An outline of the timeline for application and implementation of a new United States Adopted Name (USAN), including preclinical, Investigational New Drug (IND), phases 1–3, new drug application or biologics licensing application, post-marketing, USAN application and initial review, USAN Council balloting, review of Council suggestion by the firm, international review and clearance, review of International Nonproprietary Name (INN) decision by the firm and Council, adoption and publication.
Drug Name Development Timeline
- Drug studies conducted in vitro and in animal models.
- Planned trade names may be filed, if known, with the United States Patent and Trademark Office and other trademark offices.
- Data about the mechanism of action and potential safety problems that could derail marketing are gathered.
Investigational New Drug
Firm obtains permission to conduct clinical studies in the United States from the FDA and receives an IND number.
- Small-scale safety studies conducted in healthy volunteers.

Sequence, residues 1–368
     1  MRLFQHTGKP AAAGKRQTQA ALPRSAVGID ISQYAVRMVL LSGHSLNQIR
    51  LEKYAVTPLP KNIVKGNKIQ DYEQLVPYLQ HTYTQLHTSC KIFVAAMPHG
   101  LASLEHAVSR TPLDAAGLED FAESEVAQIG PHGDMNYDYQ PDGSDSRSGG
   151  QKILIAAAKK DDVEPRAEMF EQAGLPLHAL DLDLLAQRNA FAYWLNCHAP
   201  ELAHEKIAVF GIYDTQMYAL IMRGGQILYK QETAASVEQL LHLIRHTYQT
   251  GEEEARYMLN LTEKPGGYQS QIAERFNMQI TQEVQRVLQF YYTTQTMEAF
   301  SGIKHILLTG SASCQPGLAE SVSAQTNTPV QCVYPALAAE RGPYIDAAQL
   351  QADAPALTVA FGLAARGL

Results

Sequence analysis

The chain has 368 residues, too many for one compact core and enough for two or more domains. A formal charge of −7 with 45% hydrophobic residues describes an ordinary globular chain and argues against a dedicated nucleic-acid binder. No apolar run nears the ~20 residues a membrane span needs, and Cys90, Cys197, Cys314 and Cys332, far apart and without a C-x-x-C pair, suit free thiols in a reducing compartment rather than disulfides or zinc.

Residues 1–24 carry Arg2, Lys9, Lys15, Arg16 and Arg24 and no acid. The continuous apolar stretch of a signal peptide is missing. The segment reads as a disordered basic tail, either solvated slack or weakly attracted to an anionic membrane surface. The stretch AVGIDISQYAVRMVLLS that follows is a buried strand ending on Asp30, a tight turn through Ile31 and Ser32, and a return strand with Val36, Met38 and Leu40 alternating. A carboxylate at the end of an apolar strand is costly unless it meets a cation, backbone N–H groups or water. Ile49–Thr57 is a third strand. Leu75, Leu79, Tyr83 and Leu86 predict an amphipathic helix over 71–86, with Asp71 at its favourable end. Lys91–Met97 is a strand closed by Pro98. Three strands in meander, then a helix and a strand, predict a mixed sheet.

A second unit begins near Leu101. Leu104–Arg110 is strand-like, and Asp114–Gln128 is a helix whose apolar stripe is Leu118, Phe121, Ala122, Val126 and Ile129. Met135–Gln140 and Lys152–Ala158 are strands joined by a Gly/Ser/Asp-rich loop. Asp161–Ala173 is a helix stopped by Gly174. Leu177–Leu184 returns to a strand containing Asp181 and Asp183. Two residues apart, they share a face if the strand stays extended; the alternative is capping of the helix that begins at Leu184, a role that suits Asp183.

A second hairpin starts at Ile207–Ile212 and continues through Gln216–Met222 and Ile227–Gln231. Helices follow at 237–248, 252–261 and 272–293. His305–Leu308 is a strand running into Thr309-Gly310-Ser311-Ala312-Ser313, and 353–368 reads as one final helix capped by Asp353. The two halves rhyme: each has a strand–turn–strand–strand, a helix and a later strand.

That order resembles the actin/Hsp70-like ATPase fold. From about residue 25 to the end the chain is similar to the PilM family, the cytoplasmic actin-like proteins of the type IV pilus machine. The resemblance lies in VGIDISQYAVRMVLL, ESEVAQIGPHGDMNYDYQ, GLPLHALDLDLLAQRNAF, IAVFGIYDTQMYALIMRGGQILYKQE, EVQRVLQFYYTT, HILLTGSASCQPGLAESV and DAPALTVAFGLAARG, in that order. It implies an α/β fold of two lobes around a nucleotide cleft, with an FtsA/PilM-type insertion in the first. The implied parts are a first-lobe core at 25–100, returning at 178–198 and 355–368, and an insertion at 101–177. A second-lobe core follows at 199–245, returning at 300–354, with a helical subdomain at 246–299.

- Earliest time that U.S. firms may request a USAN or non-U.S. firms may request an INN.
- Small-scale efficacy studies in patients.
- Typical time for U.S. firms to apply for a USAN.
- Ballots sent to USAN Council for review.
- When firm and USAN Council reach consensus, USAN Program files to obtain an INN on behalf of the firm.
- Planned trade names may be filed for review by FDA, with supporting documentation.
- Large-scale efficacy and safety studies in humans.
- Many firms publish results of earlier clinical and preclinical studies and want the USAN at this time.
- USAN usually adopted and published.
- Non-U.S. firms with an INN apply for a USAN.
New Drug Application or Biologics Licensing Application
- Firm requests clearance from the FDA to market the drug.
- USAN required for packaging and labeling negotiations, promotional materials.
- United States Pharmacopeial Convention (USP) adds nomenclature information pertaining to dosage forms and delivery methods.
- Firm receives final approval of trade name from the FDA.
- A USAN is required to market the drug in the U.S.
- Continued safety data on the drug and names are collected.
- Changes to generic or trade name require large-scale education of health care professionals, approval from the FDA.
- USP publishes monographs determining drug standards, titled with the USAN.